Many of the native people who live in the Lake Atitlan basin are farmers however the chemical fertilizers, pesticides, and fungicides that they use are a major cause of contamination for the Lake. Promoting organic farming is therefore of paramount importance to conserve the lake and improve the water quality. To prevent nutrient overloading and the entry of toxins to the lake we have to motivate farmers to return to natural methods of agriculture. We must ensure they get the support they need to go organic, reap the benefits, and spread the word. This will require large scale education, community mobilization and organic vegetable market creation backed up with organic composting and soil remediation programs that are tailored to farmers’ needs.
Around the Lake there is a nascent movement to return to natural farming. More people are waking up to the fact that their soil has been destroyed by chemical farming, recognizing its impact on their health and livelihoods. There are now organic coffee growers’ associations and permaculture farms in a number of towns around the lake.
To rehabilitate the damaged soils bioremediation techniques using beneficial microorganisms are extremely effective and could take the place of the toxic chemical fertilizers. Repopulating the beneficial microorganisms in the soil is the fastest and most effective way to remediate damaged soils and transition from unsustainable chemical farming to sustainable organic farming practices. Whereas chemicals cause further contamination when they are washed into the lake, beneficial microorganisms would help to restore it.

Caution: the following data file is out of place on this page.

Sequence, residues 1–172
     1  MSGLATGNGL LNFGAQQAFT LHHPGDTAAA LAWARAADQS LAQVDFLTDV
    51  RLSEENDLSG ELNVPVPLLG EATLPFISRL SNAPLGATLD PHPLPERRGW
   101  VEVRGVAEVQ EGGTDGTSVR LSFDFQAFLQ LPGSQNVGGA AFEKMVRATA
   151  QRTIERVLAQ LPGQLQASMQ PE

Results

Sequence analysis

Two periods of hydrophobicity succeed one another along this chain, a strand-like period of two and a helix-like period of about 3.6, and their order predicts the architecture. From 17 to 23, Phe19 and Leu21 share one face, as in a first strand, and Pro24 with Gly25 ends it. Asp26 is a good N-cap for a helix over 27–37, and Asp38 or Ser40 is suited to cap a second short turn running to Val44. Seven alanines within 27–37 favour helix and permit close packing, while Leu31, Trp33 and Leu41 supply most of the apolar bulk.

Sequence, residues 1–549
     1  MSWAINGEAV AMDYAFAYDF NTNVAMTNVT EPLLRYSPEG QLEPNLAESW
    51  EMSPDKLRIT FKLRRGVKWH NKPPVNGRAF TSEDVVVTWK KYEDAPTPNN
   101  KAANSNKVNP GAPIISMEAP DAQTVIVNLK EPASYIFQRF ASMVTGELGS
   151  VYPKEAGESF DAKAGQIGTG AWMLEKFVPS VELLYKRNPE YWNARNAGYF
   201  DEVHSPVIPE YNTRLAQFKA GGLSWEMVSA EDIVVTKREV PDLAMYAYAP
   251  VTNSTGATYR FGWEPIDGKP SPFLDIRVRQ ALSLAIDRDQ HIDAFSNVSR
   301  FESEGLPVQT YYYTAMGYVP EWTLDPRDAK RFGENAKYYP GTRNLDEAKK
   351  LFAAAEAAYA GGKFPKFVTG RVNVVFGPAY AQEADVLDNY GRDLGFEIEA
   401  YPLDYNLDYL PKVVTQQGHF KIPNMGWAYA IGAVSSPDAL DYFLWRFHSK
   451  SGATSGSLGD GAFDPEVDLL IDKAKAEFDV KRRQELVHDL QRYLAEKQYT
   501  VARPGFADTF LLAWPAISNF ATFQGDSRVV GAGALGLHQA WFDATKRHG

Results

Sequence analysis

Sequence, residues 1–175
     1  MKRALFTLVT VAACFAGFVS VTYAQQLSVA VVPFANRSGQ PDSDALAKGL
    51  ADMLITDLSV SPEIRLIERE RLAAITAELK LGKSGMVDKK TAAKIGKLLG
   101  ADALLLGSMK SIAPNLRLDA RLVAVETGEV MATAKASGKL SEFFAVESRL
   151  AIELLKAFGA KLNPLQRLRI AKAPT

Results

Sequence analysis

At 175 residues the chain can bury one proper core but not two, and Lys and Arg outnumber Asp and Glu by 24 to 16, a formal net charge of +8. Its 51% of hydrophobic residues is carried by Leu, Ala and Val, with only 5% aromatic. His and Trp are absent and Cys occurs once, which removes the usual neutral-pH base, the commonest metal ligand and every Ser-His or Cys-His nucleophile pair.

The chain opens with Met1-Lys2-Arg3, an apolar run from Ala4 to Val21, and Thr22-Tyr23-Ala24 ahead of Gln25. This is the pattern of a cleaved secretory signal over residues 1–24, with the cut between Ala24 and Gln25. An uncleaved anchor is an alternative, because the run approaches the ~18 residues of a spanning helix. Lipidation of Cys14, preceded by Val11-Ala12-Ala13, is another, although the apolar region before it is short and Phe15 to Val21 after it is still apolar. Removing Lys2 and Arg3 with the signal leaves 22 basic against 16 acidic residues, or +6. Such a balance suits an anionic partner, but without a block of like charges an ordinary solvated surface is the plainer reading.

As well as helping to save the lake, a large scale shift to organic coffee farming would benefit the local economy. This area produces some of the finest coffee in the world, however, due to excessive use of chemicals, it is sold mainly on the standard world coffee market. Organic coffee sells for approximately 25% more and organic, ‘farm-to-cup’, fair trade coffee sells for about 35-40% more.
Read about our organic coffee farming project, a collaboration with APROCAMCA.